Here's Why You Need Universal Corp in Your Portfolio

Universal is somewhat of a misunderstood company, but it has unprecedented access to the world's tobacco market.

Feb 28, 2014 at 10:21AM

Universal Corp (NYSE:UVV) is something of a misunderstood company. For this reason, investors tend to look toward Reynolds American (NYSE:RAI) or Lorillard (NYSE:LO) as their play on the tobacco sector. That's why in this piece I'm going to try and explain what Universal does and how the company is a great fit for any income-seeking investor. 

Universal knows what it's doing
Founded back in 1918, Universal has become a world leader in the supply of tobacco leaves to major industry players. And it's taken a while to get here; Universal has built up a network of farmers, distributors, and customers, all of which rely on the company's logistical supply network to get the tobacco to factories in time.

For this international network, Universal employees 25,000 farmers. It is responsible for around 40% of Africa's tobacco production, 30% of North America's production, and 25% of Brazil's production. Think of Universal as a middle man and an essential service for farmers; Universal buys their crops, process the tobacco, and then sells it on to big tobacco companies.

Furthermore, Universal's customers are no small players; the company's biggest customers are Philip Morris and China Tobacco, the two dominant forces in the global tobacco market. These two behemoths account for 58% of the global market.

Actually, this is really important, as China Tobacco is a state-owned company. Therefore, Universal is the only way private investors can get any real access to the domestic Chinese tobacco market -- the fastest-growing tobacco market in the world. Indeed, between 2012 and 2015, it is expected that the volume of cigarettes sold within China will have increased by 1.5% to 2.5%, and Universal is set to benefit from this.

It's not all good news
Unfortunately, as Universal is involved in growing tobacco, its business is somewhat seasonal due to the nature of crop timings, drought, yields, etc. As a result, income and revenue are somewhat unpredictable and revenue has not really grown over the past five years. The company's profit margin before interest and taxes has also varied from 10.3% to 7.4%.

Nonetheless, Universal is an extremely well-managed company, and a robust free cash flow more than makes up for lackluster income expansion. Free cash flow has been in the region of $189 million to $269 million per year for the last five years. In addition, net debt to equity is low at only 32% compared to the tobacco sector average of 100% to 200%.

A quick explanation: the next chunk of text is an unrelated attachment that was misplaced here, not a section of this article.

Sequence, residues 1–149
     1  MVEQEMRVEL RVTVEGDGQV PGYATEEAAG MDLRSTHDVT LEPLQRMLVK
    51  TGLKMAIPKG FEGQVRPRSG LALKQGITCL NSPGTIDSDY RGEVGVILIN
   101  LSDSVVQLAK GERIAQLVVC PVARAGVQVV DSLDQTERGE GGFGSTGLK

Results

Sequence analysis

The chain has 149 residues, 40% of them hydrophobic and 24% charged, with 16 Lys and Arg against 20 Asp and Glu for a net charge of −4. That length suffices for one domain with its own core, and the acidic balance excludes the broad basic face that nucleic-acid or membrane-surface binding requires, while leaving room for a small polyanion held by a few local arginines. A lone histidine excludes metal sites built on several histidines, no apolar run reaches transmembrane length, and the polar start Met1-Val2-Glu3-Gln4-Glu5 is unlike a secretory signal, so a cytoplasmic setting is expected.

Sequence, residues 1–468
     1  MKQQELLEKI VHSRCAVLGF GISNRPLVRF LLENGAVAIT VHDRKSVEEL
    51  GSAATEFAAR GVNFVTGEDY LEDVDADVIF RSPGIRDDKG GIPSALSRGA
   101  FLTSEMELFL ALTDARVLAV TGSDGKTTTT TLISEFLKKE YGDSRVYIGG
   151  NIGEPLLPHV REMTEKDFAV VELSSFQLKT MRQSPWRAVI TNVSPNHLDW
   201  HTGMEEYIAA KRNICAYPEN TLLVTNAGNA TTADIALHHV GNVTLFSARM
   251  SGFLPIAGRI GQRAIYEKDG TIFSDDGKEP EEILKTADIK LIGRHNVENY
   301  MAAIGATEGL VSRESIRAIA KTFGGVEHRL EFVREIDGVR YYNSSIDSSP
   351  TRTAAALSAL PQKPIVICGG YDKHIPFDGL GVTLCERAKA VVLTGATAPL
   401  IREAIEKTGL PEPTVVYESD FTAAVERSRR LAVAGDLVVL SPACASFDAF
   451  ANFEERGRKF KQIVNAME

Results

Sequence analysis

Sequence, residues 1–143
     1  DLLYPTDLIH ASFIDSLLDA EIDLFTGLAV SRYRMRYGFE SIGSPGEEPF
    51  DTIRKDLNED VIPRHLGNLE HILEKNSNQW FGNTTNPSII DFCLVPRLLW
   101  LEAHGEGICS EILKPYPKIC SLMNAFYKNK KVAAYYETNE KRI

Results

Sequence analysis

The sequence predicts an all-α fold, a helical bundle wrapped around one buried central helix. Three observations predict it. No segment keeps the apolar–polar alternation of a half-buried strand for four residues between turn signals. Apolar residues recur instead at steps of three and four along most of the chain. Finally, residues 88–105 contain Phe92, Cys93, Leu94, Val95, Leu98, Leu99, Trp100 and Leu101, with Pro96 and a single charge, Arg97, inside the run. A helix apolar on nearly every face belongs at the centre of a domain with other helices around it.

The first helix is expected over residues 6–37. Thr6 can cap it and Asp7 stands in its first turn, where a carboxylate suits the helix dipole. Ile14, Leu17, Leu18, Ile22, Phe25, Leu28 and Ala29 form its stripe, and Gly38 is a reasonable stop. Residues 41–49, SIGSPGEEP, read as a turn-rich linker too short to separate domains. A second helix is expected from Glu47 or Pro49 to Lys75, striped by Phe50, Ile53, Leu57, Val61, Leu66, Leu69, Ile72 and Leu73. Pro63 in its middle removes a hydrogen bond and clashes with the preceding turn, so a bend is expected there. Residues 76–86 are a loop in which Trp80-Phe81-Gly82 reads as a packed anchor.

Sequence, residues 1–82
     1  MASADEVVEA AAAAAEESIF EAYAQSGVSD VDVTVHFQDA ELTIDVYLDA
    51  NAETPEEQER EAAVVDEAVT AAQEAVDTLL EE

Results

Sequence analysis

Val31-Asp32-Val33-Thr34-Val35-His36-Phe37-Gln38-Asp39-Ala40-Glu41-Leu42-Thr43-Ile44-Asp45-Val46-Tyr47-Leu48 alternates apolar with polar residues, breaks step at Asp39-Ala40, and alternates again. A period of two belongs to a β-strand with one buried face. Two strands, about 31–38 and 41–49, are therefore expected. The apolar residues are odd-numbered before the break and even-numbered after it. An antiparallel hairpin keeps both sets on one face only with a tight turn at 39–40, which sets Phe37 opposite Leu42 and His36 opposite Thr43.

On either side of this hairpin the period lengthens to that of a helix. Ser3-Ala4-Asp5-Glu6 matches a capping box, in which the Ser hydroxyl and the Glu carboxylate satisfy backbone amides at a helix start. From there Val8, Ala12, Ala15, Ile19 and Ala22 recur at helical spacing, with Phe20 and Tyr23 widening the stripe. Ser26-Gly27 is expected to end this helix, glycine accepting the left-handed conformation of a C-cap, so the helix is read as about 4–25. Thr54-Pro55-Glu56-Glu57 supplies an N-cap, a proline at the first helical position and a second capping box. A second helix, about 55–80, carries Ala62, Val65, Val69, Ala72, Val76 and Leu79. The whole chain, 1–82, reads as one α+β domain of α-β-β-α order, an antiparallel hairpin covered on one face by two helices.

Moreover, the company has increased its dividend payout every year for the past 43, making Universal one of the market's dividend aristocrats. The company's management authorized aggressive stock repurchases in the period 2008 to 2010, when the market was extremely depressed; this shows that management is using investor cash wisely and is not throwing it away repurchasing expensive shares.

If you can't beat them, join them
However, one of the most disruptive technologies to emerge during the past decade is the electronic cigarette, which poses a huge threat to Universal's business model.

As the saying goes, though, if you can't beat them, join them. That's exactly what Universal has done. Universal's subsidiary, Virginia Tobacco, has joined with Avoca, one of the world's premier botanical extraction companies, to form AmeriNic. AmeriNic's goal is to produce liquid nicotine for the electronic-cigarette industry. The company is focusing on producing high quality, United States Pharmacopeia- grade liquid nicotine using fully traceable and compliant tobaccos.

This partnership is a really exciting endeavor for Universal. Expansion into electronic cigarettes opens up a huge new market for Universal, allowing the company to benefit from the global drive by all major tobacco companies to bring electronic-cigarette offerings to market. With every tobacco company trying to get in on the act of electronic-cigarette production, Universal should be able to easily acquire customers.

This should drag Universal into the 21st century, bringing it into line with domestic peers such as Lorillard and Reynolds American, both of which already have electronic-cigarette products on the market.

The competition
Lorillard's electronic offering comes in the form of blu eCigs, which held a 47% share of the domestic market throughout 2013. Sales of blu totaled $230 million during 2013. Sadly, Lorillard reported a net profit of zero for e-cigs for full-year 2013 due to a higher marketing spend; although for the first nine months of 2013, the company reported income of $9 million. As a result, income from blu did not count toward Lorillard's total net income of nearly $1.2 billion for the year.

Still, with tobacco sales declining, and when marketing costs fall, this could be a lucrative business segment for the company. At the end of the third quarter, Lorillard acquired SKYCIG, a British-based e-cig business .

Meanwhile, Reynolds American is also active in the not-tobacco nicotine sector. Reynolds' subsidiary Niconovum USA has entered its first lead market in the United States with Zonnic, a nicotine-replacement therapy gum, while another subsidiary, R.J. Reynolds Vapor, has introduced electronic cigarette Vuse, which has limited distribution.

Foolish summary
So all in all, Universal is an integral part of the global tobacco supply network, offering exposure to the still-expanding Chinese cigarette market. Additionally, Universal has been paying and increasing its dividend for 43 consecutive years, a record that is tough to beat. Management has also undertaken well-timed buybacks. Overall, Universal's dominant market position and cash returns are something investors should be interested in.

Not interested in Universal's dividends?